There are many ways to schedule orders through a shop. Companies enlist everything from simple, visual signals to integrated, highly functional computer systems. All of these have their place. I am a proponent of the "simpler is better" approach to most things. Therefore, let me offer some simple production scheduling techniques.
1. Empty space. This is probably the simplest production trigger. By consuming items, users create empty space. When the supplying operation sees the empty space, whether it is an empty floor, shelf or pallet, it is a signal to produce the item that has been consumed. It's simple and effective, but this trigger has limitations. For one, the supplier and user of the parts must be in close proximity, or it is likely that the "empty space" signal will be missed.
2. Storage bins in a downstream operation. When a part storage bin at a downstream operation, such as assembly, is depleted or reaches a predetermined level, a replenishment order is generated. Such a system is intended to assure an uninterrupted supply of parts to the user. The quantity of items in the bin is based on the usage rate of the part and the re-supply time required. The size of the bin is determined by the quantity and size of parts. Some companies size a bin to hold as few as a day's worth (or even a few hours' worth) of parts, while others sizethe bin to accommodate larger quantities. The decision comes down to the reliability of the re-supply process. If parts are readily available, the risk of stockouts is lessened, and the bin size can be reduced. It is a simple technique, but it does require ongoing monitoring of the bins in the downstream department.
3. Markings on a wall or other vertical surface. Items such as flat cartons, sheet metal, wood products and containers of material can be stored along a wall and replenished by means of a visual signal. One such signal is a horizontal marking on the wall. A marking is set at a point where the material needs to be reordered. When this line becomes visible because material has been taken away, this is a signal that more material is needed. A line at a higher position on the same wall can indicate the maximum amount of material to be brought in. In such a system, exposing the reorder line initiates action. To make the reorder process as simple as possible, a preprinted reorder card or form should be attached to the wall at the reorder line. Once the line is exposed, anyone can take the necessary form and initiate the replenishment order.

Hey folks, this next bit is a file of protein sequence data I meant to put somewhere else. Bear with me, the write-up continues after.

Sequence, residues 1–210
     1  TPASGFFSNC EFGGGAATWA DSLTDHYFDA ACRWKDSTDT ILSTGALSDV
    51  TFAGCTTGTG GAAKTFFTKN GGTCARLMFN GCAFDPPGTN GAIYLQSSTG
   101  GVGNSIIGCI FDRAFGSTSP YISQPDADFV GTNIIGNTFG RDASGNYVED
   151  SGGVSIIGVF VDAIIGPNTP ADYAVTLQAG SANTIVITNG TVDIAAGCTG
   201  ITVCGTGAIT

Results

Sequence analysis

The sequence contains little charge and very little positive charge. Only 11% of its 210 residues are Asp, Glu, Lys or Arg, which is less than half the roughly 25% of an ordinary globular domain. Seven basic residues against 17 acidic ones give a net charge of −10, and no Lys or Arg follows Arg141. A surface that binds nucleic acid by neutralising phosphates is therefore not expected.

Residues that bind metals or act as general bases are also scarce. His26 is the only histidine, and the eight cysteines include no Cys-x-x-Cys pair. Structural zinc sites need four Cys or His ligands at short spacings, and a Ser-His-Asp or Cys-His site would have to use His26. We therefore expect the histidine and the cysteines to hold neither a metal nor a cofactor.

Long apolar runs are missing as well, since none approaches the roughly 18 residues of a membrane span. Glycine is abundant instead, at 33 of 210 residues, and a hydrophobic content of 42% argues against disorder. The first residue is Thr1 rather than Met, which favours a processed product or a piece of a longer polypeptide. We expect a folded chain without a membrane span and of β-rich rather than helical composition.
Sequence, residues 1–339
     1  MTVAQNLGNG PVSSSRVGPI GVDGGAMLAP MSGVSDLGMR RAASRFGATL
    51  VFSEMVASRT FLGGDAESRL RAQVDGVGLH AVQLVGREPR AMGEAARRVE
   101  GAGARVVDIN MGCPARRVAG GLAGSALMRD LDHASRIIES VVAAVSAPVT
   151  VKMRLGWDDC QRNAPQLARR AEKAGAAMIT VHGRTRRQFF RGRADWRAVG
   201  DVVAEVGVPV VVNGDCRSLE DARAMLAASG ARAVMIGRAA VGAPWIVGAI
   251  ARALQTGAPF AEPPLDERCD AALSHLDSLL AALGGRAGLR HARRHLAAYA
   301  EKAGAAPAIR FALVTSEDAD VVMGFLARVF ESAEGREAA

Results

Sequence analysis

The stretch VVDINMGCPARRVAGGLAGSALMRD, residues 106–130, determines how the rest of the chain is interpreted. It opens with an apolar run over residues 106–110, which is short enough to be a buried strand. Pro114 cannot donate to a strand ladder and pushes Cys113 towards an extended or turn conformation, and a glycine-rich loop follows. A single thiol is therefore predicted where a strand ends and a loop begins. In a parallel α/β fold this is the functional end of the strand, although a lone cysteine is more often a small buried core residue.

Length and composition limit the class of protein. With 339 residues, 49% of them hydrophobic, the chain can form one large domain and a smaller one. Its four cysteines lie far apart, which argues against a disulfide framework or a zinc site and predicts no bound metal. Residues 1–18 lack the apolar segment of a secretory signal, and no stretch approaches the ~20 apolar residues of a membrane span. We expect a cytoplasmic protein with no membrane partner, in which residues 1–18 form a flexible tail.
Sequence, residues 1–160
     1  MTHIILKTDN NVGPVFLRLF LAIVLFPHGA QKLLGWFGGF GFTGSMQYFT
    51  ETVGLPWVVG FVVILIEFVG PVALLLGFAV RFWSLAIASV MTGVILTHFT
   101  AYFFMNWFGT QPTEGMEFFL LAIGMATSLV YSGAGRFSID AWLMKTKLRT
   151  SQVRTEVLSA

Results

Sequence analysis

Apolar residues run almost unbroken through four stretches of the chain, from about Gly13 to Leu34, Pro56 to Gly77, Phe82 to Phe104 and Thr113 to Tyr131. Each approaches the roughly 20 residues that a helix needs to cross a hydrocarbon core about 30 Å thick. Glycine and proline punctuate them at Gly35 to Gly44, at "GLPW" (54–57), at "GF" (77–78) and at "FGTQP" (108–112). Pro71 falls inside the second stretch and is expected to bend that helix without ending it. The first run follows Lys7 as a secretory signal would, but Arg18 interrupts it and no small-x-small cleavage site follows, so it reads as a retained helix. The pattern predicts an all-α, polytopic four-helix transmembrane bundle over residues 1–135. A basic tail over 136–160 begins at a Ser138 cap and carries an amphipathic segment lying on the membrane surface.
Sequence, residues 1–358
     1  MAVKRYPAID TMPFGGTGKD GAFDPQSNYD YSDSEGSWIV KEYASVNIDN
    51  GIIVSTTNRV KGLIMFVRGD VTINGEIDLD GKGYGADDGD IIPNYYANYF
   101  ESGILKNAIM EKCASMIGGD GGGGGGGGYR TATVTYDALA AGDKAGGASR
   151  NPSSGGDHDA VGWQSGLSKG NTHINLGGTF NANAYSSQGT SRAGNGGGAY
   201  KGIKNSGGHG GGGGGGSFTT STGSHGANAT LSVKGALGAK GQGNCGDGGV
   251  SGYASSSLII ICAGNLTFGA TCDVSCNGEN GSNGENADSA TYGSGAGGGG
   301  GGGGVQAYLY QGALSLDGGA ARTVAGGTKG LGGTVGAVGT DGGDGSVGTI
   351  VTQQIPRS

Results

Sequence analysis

4. Using totes. Tote pans can serve not only to carry and store components, but also to schedule replenishment of parts. If using totes to schedule production, it is important for information—including part number, reorder quantity and part user—to be marked on the tote. Some companies color-code totes by user department so they indicate the final destination of parts at a glance. Others use the information on the tote to indicate whether it is full or empty.
5. Schedule boards. A schedule board, whether it's an electronic billboard, a pegboard or a white board, will show what needs to be produced. Schedule boards come in many varieties, but each communicates the parts that are needed, how many of each are needed, and when they are needed. Schedule boards can be color-coded. For example, a board may contain cards with different colors on each face. One color will indicate that a part needs to be made. When turned over, the other color indicates that the part is in process. At a glance, you can see the status of each part on the board. Color-coding can also be used to indicate parts that should be grouped together and run at the same time.
Using a simple, visual scheduling system may make it easier to manage your shop.